quote from Cohen, Manion and Morrison (2011)Slowly but surely places are emerging where education technology is aligning with academic practice. It seems a promising way forward. Why wouldn’t we want to introduce scholarship and pedagogy, build learning design around experiential loops of action research and appreciative inquiry? Lets shift the emphasis and make the future for higher education one which is more shaped by people rather than by machines.

groups of students

Images from Learning Analytics & Learning Design Digifest17 presentation by Patrick Lynch (p.lynch@hull.ac.uk) and pixabay.com. Jisc image from Jisc

TEL-ling tales – where is the evidence of impact?

open laptop with the word learning on the screen

Research is complex. It can be a messy business, but it matters. Higher education revolves around research and student degrees yet when it comes to the REF, pedagogical research in HE has a poor showing. A recent HEA funded investigation found critiques of submission quality* while back in 2002, Jenkins described it as having Cinderella status. A paper by the HEA researchers (Cotton, Miller and Kneale, 2017suggests pedagogical research in HE remains the Cinderella of academia.

If pedagogical research in HE is struggling for recognition where does this leave the field of education technology or Technology Enhanced Learning (TEL)? The critiques are plentiful** so where is the evidence of impact?


I have great respect for TEL colleagues and wearing my curiosity hat, I headed off to a closed learning technology mail list. Citing Surowieckis ‘wisdom of crowds’, I invited members to point me to evidence of TEL enhancement of learning and/or teaching.

I don’t know what I expected. Maybe references to the OLDS mooc project, a NMC Horizon Report, the OU Innovating Pedagogy series or anything from the Jisc elearning projects.  Maybe the application of a model like Laurillard’s conversational framework or her work on teaching as a design science, how Salmon’s Five Stage model of e-moderating was used or Garrison and Anderson’s Community of Inquiry.  At home I have an old fashioned plastic box full of printed papers from my TEL research literature reviews, some by well known names and others less so but all with a variety of methodologies and results. Admittedly, much is aspirational – revealing potential for scaling up rather than broad adoption, but they represent hope. So I thought it might be useful to scope the most popular ‘go to‘ pieces from others and collate them for sharing.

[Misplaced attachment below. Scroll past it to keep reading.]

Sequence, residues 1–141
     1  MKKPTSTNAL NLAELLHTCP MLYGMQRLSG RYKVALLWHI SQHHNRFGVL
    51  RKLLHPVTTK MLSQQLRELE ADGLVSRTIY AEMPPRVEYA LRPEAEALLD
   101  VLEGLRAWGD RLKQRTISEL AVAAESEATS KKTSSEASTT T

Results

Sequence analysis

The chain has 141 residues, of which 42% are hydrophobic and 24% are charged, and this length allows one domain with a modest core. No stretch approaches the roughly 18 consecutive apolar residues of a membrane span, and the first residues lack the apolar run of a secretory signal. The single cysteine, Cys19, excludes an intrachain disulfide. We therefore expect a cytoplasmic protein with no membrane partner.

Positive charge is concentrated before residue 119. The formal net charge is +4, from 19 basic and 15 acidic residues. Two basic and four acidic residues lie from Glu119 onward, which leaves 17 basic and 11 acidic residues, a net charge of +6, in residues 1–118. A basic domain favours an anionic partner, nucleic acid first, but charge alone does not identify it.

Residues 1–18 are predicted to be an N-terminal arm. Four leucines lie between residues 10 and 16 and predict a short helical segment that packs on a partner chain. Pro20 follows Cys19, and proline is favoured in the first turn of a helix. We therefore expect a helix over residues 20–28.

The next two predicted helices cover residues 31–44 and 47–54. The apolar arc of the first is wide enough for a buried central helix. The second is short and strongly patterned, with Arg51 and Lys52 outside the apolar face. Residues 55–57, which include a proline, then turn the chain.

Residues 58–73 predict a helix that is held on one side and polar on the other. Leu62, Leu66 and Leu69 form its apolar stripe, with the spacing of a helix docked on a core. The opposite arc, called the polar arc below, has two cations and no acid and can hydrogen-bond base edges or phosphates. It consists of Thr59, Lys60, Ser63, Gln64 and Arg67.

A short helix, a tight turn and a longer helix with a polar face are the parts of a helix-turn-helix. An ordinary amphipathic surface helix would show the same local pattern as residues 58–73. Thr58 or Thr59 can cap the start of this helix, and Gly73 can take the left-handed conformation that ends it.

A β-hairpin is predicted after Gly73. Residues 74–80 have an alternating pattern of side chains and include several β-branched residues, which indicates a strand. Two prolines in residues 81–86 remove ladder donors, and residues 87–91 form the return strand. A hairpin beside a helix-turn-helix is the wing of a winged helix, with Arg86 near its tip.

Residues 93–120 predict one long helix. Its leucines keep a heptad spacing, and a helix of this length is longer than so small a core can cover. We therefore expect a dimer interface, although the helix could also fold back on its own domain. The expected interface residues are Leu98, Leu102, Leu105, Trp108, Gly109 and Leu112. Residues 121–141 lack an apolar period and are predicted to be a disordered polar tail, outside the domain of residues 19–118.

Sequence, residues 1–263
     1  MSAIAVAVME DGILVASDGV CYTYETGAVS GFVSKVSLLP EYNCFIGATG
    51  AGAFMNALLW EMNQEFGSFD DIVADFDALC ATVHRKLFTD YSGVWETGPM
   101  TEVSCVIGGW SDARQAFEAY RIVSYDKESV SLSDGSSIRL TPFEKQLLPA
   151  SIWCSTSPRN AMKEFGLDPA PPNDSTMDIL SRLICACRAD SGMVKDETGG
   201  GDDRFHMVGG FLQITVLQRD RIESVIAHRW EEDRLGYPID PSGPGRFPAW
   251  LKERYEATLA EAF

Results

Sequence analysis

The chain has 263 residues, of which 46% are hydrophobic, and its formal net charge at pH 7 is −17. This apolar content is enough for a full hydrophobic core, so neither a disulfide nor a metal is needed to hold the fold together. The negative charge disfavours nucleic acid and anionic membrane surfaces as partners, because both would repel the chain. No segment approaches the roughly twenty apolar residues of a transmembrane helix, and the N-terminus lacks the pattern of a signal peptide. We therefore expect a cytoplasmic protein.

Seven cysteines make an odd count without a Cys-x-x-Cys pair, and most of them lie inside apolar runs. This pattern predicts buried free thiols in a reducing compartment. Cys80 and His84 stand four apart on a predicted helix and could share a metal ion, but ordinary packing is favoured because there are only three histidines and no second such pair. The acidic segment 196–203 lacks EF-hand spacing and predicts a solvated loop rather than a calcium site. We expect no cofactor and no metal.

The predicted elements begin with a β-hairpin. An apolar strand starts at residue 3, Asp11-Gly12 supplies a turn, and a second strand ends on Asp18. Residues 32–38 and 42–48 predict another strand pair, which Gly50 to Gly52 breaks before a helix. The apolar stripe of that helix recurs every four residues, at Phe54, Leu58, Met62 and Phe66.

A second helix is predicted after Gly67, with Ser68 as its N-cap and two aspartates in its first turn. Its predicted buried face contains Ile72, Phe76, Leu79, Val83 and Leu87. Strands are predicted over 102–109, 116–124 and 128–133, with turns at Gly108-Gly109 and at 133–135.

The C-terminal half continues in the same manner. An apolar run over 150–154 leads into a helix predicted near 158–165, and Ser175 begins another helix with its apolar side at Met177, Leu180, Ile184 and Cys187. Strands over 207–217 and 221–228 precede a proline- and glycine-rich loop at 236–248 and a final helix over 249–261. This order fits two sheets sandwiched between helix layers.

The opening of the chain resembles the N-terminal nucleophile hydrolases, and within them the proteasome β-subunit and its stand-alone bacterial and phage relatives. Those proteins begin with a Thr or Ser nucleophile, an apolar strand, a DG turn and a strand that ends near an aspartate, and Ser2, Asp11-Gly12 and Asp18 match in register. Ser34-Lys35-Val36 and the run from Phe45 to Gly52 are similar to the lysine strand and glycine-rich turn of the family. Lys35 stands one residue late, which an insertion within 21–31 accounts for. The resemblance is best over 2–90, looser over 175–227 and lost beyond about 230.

red question mark on a keyboard

The response was not quite what I expected. Maybe I asked the wrong question. Maybe my view is different and maybe this is a Hull issue – in the nicest possible way! As Philip Larkin said, we ‘re on the edge of things rather than the centre and being on the edge can give you a different perspective. Whatever the reason, there were lots of ensuing discussions, some tweets and a couple of blogs – all showing a variety of reactions – Show me the Evidence by James Clay and In Defense of Technology by Kerry Pinny – but no links.  There was also an #LTHEchat invitation ‘Establishing an evidence base for TEL’  which will take place on Twitter, 3rd May, 8.00-9.00 (diary date!) If the questions were wrong at least they generated some positive consequences.

tweetchat-tweet small

I think Kerry was closest to my position when she described asking questions as scholarly practice. If we’re not research-informed and engaged how do we know if we’re having impact? Familiarity with the literature and taking time for critical reflection is about thinking academically and we work within academic environments where TEL is promoted as an enabler and enhancer of student-learning. Pedagogical research might not be scoring 10 out of 10 with the REF but it’s our daily bread and no reason to ignore what’s out there or not adopt a scholarly approach to evidencing our own practice – in particular with TEL matters. Institutions are investing huge amounts of money into digital platforms supporting learning and teaching but less into supporting staff to develop the digital capabilities and confidence to use them.


It’s now twenty years since the Dearing Report into the future of higher education which preceded the arrival of the VLE. Since those early days we’ve shifted from a read-only environment to user generated content, file sharing, mobile devices, social media, apps, virtual reality etc etc yet there’s still disparity of adoption and a widening divide between the innovators and those yet to climb aboard the TEL train.

What came out of the discussions (and what I see every working day) was how resistance to TEL remains high. Also it’s clear what’s missing includes the time, space, reward and recognition for staff engagement. We’re grappling with this at Hull and to make our case to SMTs requires evidence of impact on student learning and staff well-being. To find the evidence we need the research.